GSA Annual Meeting, November 5-8, 2001

Paper No. 0
Presentation Time: 1:30 PM-5:30 PM


KIDDER, David L. and WORSLEY, Thomas R., Geological Sciences, Ohio Univ, Athens, OH 45701-2979,

We predict that storms were frequent, and perhaps particularly intense in warm Late Permian and Early Triassic climates. Our paleoclimate modeling calls for deep sea stratification and warm, saline bottom water that developed in the Permian and led to a slowing and then a cessation of thermohaline circulation. Presence of deep warm water has implications for the generation of storms because as these ancient storms drew strength from warm surface water, their growth as they extended their downward reach into deeper water was no longer limited by cold water. Late Permian and Early Triassic hurricanes could have persisted longer and travelled to higher paleolatitudes which were also warm at the time. In an atmosphere thickened by increased water vapor, strong wind shear might produce high intensity storms.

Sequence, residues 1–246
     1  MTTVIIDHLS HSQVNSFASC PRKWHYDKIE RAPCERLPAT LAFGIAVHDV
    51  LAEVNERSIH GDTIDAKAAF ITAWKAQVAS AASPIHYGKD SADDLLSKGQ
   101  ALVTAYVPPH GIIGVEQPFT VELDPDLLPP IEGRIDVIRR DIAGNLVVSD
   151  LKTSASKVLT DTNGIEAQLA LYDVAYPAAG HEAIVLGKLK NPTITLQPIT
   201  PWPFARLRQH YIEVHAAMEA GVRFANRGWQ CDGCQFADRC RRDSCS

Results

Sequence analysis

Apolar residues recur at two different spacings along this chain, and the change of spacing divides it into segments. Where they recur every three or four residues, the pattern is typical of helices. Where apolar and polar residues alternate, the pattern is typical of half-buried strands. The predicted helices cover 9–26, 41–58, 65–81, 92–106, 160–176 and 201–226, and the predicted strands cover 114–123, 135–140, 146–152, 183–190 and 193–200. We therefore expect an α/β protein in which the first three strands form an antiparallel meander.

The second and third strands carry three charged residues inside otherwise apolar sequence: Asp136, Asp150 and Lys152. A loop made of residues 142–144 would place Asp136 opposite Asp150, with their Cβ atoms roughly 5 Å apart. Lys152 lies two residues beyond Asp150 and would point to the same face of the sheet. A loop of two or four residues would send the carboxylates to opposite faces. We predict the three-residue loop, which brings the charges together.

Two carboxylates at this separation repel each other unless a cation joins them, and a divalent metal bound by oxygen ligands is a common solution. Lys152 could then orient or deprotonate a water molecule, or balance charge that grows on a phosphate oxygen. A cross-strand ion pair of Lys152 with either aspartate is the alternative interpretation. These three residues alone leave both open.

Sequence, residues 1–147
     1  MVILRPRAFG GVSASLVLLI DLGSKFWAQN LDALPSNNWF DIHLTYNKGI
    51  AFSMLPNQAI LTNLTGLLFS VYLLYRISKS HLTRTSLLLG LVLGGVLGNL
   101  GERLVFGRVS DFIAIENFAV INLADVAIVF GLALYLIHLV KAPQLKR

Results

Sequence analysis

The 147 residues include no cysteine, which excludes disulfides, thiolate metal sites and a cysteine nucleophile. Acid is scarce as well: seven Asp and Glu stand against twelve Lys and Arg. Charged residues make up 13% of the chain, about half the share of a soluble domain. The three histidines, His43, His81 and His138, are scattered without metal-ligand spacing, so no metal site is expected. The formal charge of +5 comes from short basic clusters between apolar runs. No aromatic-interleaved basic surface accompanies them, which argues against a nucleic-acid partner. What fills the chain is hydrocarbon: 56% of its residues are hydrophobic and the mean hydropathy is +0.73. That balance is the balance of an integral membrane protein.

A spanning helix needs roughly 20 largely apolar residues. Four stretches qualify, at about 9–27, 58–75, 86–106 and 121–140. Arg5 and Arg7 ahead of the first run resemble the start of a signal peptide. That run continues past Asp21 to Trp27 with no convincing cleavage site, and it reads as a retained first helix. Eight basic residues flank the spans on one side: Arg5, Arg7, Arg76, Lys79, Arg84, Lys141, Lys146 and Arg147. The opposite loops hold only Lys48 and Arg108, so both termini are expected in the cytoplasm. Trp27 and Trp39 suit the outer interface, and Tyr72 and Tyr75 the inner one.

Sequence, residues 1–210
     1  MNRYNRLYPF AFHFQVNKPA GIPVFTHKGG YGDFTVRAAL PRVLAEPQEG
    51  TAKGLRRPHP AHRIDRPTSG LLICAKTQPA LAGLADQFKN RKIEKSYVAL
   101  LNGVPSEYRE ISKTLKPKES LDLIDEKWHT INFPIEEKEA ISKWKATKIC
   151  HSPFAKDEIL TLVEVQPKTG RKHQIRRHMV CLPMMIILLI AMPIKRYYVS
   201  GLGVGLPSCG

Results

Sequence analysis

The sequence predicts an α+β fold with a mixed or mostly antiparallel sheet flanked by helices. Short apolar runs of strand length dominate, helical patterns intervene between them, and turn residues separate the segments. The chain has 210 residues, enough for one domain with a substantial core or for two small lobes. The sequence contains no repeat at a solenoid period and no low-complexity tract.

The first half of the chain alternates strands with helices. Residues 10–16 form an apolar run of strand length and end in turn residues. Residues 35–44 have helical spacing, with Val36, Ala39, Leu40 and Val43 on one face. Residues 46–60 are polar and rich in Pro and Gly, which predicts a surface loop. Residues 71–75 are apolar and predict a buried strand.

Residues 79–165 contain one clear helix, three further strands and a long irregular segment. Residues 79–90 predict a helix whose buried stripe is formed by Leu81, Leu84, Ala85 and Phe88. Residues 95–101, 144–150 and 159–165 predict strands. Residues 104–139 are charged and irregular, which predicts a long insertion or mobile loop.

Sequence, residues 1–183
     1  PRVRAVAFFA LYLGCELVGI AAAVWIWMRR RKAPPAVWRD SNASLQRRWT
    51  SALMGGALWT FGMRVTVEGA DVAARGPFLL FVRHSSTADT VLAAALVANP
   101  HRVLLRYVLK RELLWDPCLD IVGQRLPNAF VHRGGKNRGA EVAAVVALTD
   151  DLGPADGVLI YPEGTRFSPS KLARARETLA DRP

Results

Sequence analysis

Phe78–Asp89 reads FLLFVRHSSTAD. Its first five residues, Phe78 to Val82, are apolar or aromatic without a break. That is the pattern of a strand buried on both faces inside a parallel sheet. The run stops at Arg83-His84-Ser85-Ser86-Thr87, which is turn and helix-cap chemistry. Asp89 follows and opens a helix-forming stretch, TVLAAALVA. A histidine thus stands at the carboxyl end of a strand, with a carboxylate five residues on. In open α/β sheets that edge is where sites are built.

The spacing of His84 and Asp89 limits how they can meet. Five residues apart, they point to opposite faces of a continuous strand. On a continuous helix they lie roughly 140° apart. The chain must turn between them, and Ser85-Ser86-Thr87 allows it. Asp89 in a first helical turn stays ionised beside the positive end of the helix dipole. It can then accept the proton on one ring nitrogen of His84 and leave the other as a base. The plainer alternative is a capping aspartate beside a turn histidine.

The predictions can be tested by looking at the frequency and intensity of storms in the geologic record. Preliminary frequency results suggest that although absolute numbers of Permian and Triassic storm deposits are quite low compared to other intervals, a strong Triassic peak results when numbers of deposits are normalized to outcrop area. The Permian normalized value is low, perhaps because of less storm activity in the Early Permian glaciated world. Preliminary data show that Late Permian storms were slightly more frequent than in the Early Permian. The highest frequency of Triassic storm deposits was in the Middle, with the Early and Late being roughly equal. Tests for intensity are problematic. Storm bed thickness might serve as a crude proxy for intensity, but other variables such as sediment availability complicate this. Pebbly storm beds should be particularly conspicuous in the Early Triassic as flat pebbles should have been relatively easy to generate when diminished levels of bioturbation facilitated early cementation of shallow sediment layers that could be ripped up by storms.